Now most of you readers know that I don’t like to name names when it comes to Christian nuttiness. I tend to avoid pointing fingers at individuals or ministries, preferring to go with the understanding that all have sinned and fall short of the glory of God.

I’m not going to let this one slide though.

The Family Life program was on, featuring a speaker who preached on real manhood, claiming that clueless men are proliferating at an exponential rate. In trying (pathetically and eisegetically, if you ask me) to preach on the husband and wife section of Ephesians 5, he noted that “to nourish and cherish a wife means…money.”

Now I don’t know about you, but I don’t see money mentioned at all in Ephesians 5. I do see a man called to love his wife unconditionally just as Christ loved the Church. The astute will notice that this call to unconditional love of one’s wife flies in the very face of the worldly statement that opened this post. Christians men are to love their wives, even when that fleeting beauty fades and age envelops like a wrinkled cloak.

Can we all agree on that?

As if the ridiculously eisegeted comment about money wasn’t enough, the same preacher (a noted “expert” on biblically-based sex roles) dropped this bomb:

If a man wants his wife to respect him more, he should make more money.


Can I tell you what the world says about the worth of a man? It’s this:

A man only has worth if he is powerful and wealthy.

Does anyone besides me see that this preacher is just mimicking what the world says? We don’t accept that opening statement about a woman’s worth, yet we’re preaching that the respect due a man is directly tied to how much moolah he brings home? In cash we trust?So a Christian man should love his wife unconditionally, but a Christian woman should only respect her husband if he’s bringing home more and more cash?

By this standard, the apostles—at least the married ones—were damnable failures who deserved being nitpicked to death because their wives didn’t have a revolving account at Saks. And let’s not get into that poor carpenter, Joseph, and the miserable father he was for not ensuring Mary and Jesus a gilded, palatial estate overlooking the Jordan.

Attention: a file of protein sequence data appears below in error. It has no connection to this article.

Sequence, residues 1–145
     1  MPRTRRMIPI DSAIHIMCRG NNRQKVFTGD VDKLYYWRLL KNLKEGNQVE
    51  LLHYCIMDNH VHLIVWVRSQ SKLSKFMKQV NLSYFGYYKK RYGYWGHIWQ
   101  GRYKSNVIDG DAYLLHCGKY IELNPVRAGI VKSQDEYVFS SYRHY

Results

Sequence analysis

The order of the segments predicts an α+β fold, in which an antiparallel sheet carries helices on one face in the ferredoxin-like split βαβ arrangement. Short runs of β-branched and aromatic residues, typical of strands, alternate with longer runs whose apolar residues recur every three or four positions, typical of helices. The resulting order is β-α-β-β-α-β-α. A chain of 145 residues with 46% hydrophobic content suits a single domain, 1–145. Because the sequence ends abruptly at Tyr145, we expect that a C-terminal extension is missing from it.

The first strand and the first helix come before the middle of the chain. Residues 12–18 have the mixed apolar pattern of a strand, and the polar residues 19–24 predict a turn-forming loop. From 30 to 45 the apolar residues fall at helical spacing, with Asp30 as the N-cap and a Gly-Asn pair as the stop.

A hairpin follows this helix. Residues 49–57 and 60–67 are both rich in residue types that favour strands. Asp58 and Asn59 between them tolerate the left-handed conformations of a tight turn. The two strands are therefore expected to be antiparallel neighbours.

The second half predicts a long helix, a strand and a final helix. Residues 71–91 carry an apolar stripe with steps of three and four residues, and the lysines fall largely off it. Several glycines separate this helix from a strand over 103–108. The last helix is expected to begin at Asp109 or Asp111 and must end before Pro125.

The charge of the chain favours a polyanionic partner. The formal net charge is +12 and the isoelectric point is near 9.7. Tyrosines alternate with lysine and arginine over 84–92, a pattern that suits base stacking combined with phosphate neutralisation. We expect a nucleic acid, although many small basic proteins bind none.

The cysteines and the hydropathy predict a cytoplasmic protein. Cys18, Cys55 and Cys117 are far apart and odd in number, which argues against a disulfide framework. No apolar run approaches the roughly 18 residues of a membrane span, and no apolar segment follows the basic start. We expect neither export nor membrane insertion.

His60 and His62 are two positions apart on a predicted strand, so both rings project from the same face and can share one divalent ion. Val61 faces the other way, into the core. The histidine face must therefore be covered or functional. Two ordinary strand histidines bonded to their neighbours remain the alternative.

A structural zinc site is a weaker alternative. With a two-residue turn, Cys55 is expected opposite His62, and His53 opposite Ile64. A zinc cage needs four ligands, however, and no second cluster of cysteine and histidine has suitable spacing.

So much for seeking first the Kingdom! Better seek that fat pay raise or work two jobs, even if your kids never see you.

Who gave this “preacher” a microphone? Shame on Family Life!

Do I believe a man should provide for his family? Yes, I absolutely do. But what message are we sending when we Christians simply roll over and ape the world’s hellish message about a man’s worth?

For all our talk of conforming to biblical standards, we don’t. The Bible tells us that most people worked a farm. In fact, the entire household worked the farm. Distinctions between what men and women did for work didn’t really exist on a macro level. Yes, men did most of the brute strength farm work, while women did things like threshing (still a tough job), but they co-labored.

If we take a look at early America, often held up as Camelot by some Evangelicals, again, you see the same picture of farming and co-laboring, especially in the middle classes on the edge of the frontier. It was only after industrialization hit this country (and that only after a hundred years of factories and reforms) that we started seeing this sort of naïve ideal that a man can’t simply do a man’s work, he’s got to do his wife’s work, too. He better darned well do his work better than the guy next door, as well, because not everyone can have the good jobs. (Some guy’s gotta draw the short employment straw. Guess short straw’s wife won’t have much reason to respect him, now will she? I bet that’s a chilly bed!)

I’ve got to also wonder about a preacher who’s giving a message that the way to a wife’s respect is by making more money. A preacher. Think about that. Think about all the guys out there in the ministry who are making a pittance. I guess the only way those poor ministers are going to keep bringing home more bacon is if they start drinking the Church Growth Movement kool-aid! Butts in seats! Butts in seats! (And a mixed metaphor, too!)

Anyone out there besides me feel like crying?

Oops, can’t do that. Not manly enough.